- President Donald Trump on Sunday said he is not sure he has “ever even heard of a Category 5” hurricane, despite the fact that four storms of that intensity have threatened the US since he took office.
- “I’m not sure that I’ve ever even heard of a Category 5. I knew it existed,” he said during a Federal Emergency Management Administration (FEMA) briefing. “But a Category 5 is something that — I don’t know that I’ve ever even heard the term other than I know it’s there.”
- Four storms that were at some point designated a Category 5 have threatened the US or its territories since Trump took office: Irma in 2017, Maria in 2017, Michael in 2018, and the current storm, Dorian.
- Dorian slammed into the island of Great Abaco on Sunday with wind gusts of up to 220 mph, causing major devastation. It is slowly moving west towards the Florida coastline at speeds of 5 mph.
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President Donald Trump on Sunday said he is not sure he has “ever even heard of a Category 5” hurricane, despite the fact that four storms of that classification having threatened the US or its territories under his presidency.
Trump received a briefing at the Federal Emergency Management Administration (FEMA) headquarters in Washington D.C. on Hurricane Dorian, a Category 5 storm that has already devastated the Bahamas and is slowly approaching America’s southeastern coastline with sustained winds of 185 mph as of Sunday evening.
During his briefing, Trump described Dorian as “very, very powerful” and said the storm would be “one of the biggest hurricanes that we’ve ever seen.”
“We don’t even know what’s coming at us,” he said. “All we know is it’s possibly the biggest. I’m not sure that I’ve ever even heard of a Category 5. I knew it existed. And I’ve seen some Category 4’s — you don’t even see them that much.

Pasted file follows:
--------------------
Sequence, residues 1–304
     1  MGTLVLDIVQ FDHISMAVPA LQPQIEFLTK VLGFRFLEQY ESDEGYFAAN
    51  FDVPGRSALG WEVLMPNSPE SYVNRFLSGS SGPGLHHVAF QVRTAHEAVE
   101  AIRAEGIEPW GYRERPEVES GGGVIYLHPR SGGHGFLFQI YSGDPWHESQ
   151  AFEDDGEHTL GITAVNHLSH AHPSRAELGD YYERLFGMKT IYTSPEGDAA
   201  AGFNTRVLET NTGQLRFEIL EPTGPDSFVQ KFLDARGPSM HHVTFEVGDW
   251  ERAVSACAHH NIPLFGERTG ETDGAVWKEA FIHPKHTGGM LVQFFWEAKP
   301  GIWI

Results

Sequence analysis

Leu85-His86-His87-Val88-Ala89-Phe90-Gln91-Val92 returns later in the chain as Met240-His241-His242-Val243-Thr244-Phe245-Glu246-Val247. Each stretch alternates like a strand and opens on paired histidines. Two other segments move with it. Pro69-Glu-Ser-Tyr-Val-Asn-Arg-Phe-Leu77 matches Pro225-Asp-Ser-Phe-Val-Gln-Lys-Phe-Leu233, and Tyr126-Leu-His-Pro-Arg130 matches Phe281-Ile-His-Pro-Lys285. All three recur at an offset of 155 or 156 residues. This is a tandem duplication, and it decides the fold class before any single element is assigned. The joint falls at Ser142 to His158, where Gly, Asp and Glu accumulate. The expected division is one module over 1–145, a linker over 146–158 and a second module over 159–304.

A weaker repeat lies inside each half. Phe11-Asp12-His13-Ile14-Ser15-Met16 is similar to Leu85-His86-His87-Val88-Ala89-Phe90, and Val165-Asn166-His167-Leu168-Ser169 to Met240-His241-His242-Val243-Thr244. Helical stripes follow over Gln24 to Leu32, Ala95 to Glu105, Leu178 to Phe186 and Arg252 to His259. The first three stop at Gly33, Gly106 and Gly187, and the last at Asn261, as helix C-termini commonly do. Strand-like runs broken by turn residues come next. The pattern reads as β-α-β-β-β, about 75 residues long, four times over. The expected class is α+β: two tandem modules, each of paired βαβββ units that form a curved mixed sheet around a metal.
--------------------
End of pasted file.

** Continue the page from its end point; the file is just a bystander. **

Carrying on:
“But a Category 5 is something that — I don’t know that I’ve ever even heard the term other than I know it’s there. That’s the ultimate, and that’s what we have, unfortunately.”
CNN reporter Daniel Dale fact-checked Trump’s claims and found that he had made similar statements on the existence of Category 5 storms on several occasions since he took office.
President Donald Trump on the existence of Category 5 hurricanes, 2017-2019. pic.twitter.com/IRRny20hfp
— Daniel Dale (@ddale8) September 1, 2019
“I never even knew a Category 5 existed,” he said on September 14, 2017, just days after Hurricane Irma — a Category 5 storm that battered parts of the Caribbean islands before weakening to a Category 4 hurricane when it made landfall in the Florida Keys.
Later in September, Hurricane Maria devastated parts of Dominica, the US Virgin Islands as well as Puerto Rico. The Category 5 storm which weakened to a Category 4 when it hit Puerto Rico left nearly 3,000 people dead, and the US territory is still recovering from the devastating impacts of the natural disaster.
“So we’ve never seen it,” Trump said on September 26, 2017 about Maria’s impact. “It actually touched down as a Category 5. People have never seen anything like that.”
In October 2017, Trump reiterated claims that Category 5 storms were inconceivable, stating that “nobody has ever heard of a 5 hitting land.”
And in May 2019, months after Category 5 Hurricane Michael ravaged the Florida panhandle, Trump told the crowd at a campaign rally in Panama City Beach, Florida that he had “never heard about Category 5’s before.”
“A Category 5 is big stuff,” he said.
Dorian is the fourth Category 5 storm to threaten the US under Trump
Four Category 5 storms have actually threatened the US since the beginning of his presidency — Irma in 2017, Maria in 2017, Michael in 2018, and Dorian, which is slowly headed toward the Florida coast but may not actually make landfall in the state, according to AccuWeather forecasts as of 10 p.m. Eastern Time.
AccuWeather predicts that Dorian may still cause damage to eastern parts of Florida even if the storm does not directly hit the coastline.
Changes to Dorian’s strength are expected through Monday depending on the position and conditions inside the eye of the storm.
The US has experienced several destructive hurricanes in recent years, most recently Michael, which made landfall in Florida on October 10, 2018 with wind speeds of 160 mph.
Dorian slammed into the island of Great Abaco on Sunday with wind gusts of up to 220 mph, causing major devastation.
The National Hurricane Center (NHC) called the storm “catastrophic” as it battered Great Abaco and the Grand Bahama Island, and issued a storm surge warning for parts of Florida, including Lantana to the Volusia/Brevard County line as of 8 p.m. Eastern Time.